UNIVERSITY PARK, Pa. — Because walleyes are a cool-water fish species with a limited temperature tolerance, biologists expected them to act like the proverbial “canary in a coal mine” that would begin to suffer and signal when lakes influenced by climate change start to warm. But in a new study, a team of researchers discovered that it is not that simple.
“After analyzing walleye early-life growth rates in many lakes in the upper Midwest over the last three decades, we determined that water clarity affects how growth rates of walleyes change as lakes start to warm,” said Tyler Wagner, Penn State adjunct professor of fisheries ecology. “In some lakes, warming actually led to increased walleye growth rates, in others there essentially was no change, and in others, growth rates declined. The different responses of growth rates to increasing water temperatures across lakes appear to be influenced by water turbidity.”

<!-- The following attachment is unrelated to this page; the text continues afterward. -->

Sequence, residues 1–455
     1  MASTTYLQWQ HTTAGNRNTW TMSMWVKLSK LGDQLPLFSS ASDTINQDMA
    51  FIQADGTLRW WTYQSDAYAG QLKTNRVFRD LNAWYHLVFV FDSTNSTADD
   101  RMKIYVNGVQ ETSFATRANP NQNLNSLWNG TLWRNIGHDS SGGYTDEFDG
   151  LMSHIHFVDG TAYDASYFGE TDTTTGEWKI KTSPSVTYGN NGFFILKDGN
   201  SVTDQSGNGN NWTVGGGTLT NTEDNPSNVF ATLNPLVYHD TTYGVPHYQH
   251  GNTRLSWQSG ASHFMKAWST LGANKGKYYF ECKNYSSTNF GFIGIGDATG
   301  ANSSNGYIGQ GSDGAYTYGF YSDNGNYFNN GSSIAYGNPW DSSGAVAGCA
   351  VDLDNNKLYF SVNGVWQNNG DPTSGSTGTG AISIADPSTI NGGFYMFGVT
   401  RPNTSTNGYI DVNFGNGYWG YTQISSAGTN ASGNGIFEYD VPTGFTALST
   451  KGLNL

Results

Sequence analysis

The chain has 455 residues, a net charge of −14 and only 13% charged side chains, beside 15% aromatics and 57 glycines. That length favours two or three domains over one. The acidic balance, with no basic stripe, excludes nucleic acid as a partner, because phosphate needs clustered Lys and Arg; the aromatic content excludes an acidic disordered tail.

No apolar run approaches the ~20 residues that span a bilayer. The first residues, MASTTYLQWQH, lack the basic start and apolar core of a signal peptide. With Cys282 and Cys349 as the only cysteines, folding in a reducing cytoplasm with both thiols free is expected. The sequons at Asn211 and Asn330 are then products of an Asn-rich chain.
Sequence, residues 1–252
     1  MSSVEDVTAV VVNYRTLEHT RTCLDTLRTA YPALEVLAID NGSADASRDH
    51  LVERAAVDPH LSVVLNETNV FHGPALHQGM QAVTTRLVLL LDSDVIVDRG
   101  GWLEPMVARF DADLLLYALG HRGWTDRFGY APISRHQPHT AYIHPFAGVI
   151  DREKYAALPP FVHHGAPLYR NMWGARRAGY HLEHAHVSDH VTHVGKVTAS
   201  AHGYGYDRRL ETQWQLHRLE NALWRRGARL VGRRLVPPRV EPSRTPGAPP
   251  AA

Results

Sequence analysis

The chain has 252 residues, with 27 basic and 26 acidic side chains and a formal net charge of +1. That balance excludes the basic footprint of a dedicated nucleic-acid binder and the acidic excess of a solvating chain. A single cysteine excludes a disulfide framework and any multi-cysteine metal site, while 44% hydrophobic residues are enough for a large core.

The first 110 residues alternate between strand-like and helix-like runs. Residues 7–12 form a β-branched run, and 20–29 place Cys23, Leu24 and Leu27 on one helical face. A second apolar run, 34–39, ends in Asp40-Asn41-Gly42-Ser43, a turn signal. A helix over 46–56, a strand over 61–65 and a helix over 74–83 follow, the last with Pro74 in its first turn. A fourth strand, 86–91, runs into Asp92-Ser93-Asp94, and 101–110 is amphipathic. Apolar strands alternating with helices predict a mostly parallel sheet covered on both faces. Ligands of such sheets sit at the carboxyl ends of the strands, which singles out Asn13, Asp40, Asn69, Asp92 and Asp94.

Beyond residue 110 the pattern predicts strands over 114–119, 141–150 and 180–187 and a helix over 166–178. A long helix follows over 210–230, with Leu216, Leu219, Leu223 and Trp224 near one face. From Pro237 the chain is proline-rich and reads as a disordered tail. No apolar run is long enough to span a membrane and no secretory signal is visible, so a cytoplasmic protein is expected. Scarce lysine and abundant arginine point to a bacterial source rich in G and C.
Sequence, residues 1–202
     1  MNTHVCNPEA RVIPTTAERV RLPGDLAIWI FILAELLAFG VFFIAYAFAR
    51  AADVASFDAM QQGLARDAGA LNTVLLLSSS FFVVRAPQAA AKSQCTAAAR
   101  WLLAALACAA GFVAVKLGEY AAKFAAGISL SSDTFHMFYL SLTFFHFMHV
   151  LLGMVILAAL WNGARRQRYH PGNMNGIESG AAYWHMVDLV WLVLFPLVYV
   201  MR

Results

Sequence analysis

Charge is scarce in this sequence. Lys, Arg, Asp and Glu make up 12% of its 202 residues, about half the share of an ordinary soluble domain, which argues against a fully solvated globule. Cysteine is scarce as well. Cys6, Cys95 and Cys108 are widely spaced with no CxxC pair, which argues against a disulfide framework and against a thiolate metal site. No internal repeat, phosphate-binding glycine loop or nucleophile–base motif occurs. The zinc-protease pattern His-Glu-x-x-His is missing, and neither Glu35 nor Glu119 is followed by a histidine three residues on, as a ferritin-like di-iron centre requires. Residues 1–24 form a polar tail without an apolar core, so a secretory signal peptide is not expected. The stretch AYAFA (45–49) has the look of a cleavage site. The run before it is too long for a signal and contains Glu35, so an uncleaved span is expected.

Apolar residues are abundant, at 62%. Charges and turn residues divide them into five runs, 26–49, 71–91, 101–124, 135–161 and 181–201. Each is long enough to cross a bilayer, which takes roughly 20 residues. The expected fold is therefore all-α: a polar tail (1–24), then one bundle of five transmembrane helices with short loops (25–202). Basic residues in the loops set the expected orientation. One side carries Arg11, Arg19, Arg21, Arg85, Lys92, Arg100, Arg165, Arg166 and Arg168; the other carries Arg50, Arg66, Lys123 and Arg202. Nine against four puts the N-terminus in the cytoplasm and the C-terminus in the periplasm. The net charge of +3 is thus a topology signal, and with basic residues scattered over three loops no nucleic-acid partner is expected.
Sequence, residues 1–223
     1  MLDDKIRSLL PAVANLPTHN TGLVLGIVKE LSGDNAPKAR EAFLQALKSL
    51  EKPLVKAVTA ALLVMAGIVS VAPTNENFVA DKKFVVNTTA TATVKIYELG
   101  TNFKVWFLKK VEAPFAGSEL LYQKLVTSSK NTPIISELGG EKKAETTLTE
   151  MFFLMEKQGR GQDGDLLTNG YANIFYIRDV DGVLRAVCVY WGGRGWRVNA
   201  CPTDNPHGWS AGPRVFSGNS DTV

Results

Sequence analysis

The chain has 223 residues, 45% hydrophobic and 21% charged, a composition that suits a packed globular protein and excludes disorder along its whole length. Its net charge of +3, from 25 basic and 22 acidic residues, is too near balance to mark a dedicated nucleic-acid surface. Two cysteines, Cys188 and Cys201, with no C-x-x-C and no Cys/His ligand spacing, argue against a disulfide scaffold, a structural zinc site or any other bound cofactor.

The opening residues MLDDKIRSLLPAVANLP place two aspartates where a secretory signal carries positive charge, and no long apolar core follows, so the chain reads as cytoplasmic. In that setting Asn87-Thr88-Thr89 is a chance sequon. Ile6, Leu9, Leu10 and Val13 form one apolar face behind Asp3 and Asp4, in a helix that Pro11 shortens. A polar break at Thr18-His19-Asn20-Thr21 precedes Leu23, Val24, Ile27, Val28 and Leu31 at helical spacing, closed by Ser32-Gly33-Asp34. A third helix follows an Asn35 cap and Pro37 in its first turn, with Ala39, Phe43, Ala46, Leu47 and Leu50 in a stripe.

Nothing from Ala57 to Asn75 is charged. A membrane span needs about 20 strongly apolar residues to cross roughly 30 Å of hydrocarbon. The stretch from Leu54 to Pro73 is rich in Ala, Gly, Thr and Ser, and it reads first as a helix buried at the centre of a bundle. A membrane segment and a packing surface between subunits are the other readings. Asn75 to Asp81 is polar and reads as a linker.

The research is significant, Wagner explained, because walleye fisheries in the upper Midwest are important not just ecologically, but also from an economic and cultural perspective. Because walleye fishing is a valued social activity in Minnesota and Wisconsin and hundreds of thousands of walleye fingerlings are stocked there to bolster wild populations, the region is the ideal place to study the effect of warming conditions on the fish.
According to the U.S. Environmental Protection Agency, the Midwest has gotten warmer, with average annual temperatures increasing over the last several decades. Between 1900 and 2010, the average air temperature increased by more than 1.5 degrees Fahrenheit in the region.